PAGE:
Writing Tips

Writing Tips

A Few Key Strategies

  1. Give yourself plenty of time. Writing a winning proposal takes several weeks, even months.
  2. Carefully evaluate the funding agency and the specific guidelines for the grant for which you are applying. Choose a funder whose mission statement fits your type of research. Then tailor your proposal to fit the review criteria of the funding agency. 
  3. Use simple, non-discipline specific language. Avoid jargon. Review committees are comprised of scholars from a variety of disciplines. Your proposal needs to be accessible to a general, educated audience.
  4. Collaborate: Share your proposal with other graduate students. Give it to your adviser to review. And collaborate with grad students outside of your department (see the Collaborate section of this site). Because review committees draw from a wide variety of academic disciplines, you will only benefit from working with other students and professors from outside your own department. 
  5. Revise, rewrite, edit, proofread, and re-edit. Be meticulous about writing, spelling, and punctuation. Don't allow your dissertation or major project to go unfunded because of typos or sloppy formatting.
  6. Your application must be submitted on time. Funders will not consider any late applications.

Expert Advice on Writing Proposals

  • Writing Proposals for ACLS Fellowship Competitions, by Christina M. Gillis
  • U of Michigan's Proposal Writers Guide
    • A helpful overview of the various sections of proposals. Don't miss the "why proposals are rejected" section.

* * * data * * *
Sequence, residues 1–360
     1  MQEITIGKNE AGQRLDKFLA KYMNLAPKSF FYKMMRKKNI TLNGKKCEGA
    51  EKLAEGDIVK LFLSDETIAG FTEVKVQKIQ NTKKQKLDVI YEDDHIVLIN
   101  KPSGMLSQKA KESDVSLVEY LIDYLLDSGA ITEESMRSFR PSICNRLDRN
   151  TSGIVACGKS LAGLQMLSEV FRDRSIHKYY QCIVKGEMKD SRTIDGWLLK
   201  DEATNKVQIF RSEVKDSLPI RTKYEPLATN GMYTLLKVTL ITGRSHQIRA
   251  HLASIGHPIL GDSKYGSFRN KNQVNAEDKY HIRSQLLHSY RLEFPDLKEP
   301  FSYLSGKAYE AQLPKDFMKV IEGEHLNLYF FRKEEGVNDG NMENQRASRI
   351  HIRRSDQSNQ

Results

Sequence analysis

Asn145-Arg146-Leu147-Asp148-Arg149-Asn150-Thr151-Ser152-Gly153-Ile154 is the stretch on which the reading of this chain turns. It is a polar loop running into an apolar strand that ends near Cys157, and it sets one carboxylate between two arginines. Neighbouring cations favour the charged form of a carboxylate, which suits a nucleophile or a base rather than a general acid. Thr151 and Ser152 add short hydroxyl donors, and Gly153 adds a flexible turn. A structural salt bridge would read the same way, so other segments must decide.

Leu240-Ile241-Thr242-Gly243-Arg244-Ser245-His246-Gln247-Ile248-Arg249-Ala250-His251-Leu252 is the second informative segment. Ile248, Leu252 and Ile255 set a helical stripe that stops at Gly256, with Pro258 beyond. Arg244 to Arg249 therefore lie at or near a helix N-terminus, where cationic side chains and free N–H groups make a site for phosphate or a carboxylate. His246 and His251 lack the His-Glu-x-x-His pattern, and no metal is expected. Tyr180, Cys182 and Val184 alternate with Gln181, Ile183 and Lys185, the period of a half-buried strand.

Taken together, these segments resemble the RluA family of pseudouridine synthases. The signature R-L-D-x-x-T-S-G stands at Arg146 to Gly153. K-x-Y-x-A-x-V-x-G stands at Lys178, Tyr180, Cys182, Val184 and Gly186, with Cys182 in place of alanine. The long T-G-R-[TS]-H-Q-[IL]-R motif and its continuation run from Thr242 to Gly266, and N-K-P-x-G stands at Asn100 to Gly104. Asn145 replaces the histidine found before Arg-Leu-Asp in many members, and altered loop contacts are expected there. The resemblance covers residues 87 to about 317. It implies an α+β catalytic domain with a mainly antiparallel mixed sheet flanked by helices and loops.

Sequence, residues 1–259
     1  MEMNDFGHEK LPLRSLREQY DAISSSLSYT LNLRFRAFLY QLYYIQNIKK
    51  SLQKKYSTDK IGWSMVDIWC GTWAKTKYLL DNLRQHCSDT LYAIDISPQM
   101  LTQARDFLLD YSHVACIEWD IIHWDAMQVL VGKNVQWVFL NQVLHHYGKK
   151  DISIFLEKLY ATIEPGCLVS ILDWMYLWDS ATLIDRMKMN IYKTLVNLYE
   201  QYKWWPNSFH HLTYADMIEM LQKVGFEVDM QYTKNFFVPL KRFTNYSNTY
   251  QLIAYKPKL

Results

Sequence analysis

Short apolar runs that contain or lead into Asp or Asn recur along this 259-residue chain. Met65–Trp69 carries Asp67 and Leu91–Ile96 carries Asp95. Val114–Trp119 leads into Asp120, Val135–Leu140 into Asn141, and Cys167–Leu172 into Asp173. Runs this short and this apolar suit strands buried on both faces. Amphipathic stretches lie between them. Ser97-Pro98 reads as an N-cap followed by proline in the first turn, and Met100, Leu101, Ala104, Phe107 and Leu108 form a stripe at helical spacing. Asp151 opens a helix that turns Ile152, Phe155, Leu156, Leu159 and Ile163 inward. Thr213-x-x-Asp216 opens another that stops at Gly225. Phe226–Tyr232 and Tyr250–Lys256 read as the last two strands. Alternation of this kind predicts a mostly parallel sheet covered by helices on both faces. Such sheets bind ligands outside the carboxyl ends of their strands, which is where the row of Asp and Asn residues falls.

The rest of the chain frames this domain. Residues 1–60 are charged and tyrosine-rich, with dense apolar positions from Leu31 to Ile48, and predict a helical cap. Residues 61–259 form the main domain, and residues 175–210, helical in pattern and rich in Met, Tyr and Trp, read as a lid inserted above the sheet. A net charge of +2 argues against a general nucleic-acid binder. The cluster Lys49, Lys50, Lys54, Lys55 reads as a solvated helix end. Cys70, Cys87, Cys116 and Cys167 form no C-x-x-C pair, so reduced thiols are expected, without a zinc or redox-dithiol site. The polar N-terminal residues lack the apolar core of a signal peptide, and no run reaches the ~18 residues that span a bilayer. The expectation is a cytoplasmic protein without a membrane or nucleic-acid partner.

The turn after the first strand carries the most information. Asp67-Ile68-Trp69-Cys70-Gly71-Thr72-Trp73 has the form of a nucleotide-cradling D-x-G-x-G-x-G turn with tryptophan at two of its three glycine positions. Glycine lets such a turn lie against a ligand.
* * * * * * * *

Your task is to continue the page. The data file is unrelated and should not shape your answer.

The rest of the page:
• Social Science Research Council, Art of Writing Proposals
    • An essay offering sound advice for those writing social science proposals or proposals in the arts and humanities.
  • Ten Ways to Write a Better Grant
    • Advice on this link is tailored to the National Institutes of Health (NIH) more than to other funders, but most of its advice is helpful for most proposals. However, when it advises you to find out who will review your grant, it is working within the NIH paradigm only. NIH lists the names of its study section reviewers. While you may not contact these people, you can read their publications and get a good idea of their specific expertise and interests. Other funders usually preserve their reviewers' anonymity, but you can get a good idea of the funders' interests straight from the program officer. In many government agencies, the program officer makes the final decision amongst the proposals recommended by review panels.
  • Foundation Centers Short Course
    • Although aimed primarily at proposals to foundations, this course offers a useful overview of strategically fitting your proposal to the funders guidelines and thinking through the logic of your work for an external funder.
  • Grant Proposal Writing by Stephen Wilbers
    • Advice from a local writing expert.
  • NIH Application Tips
    • Lots of good advice for everyone here, including non-scientists.
  • NSF Guidelines
    • Full instructions for preparing NSF proposals.
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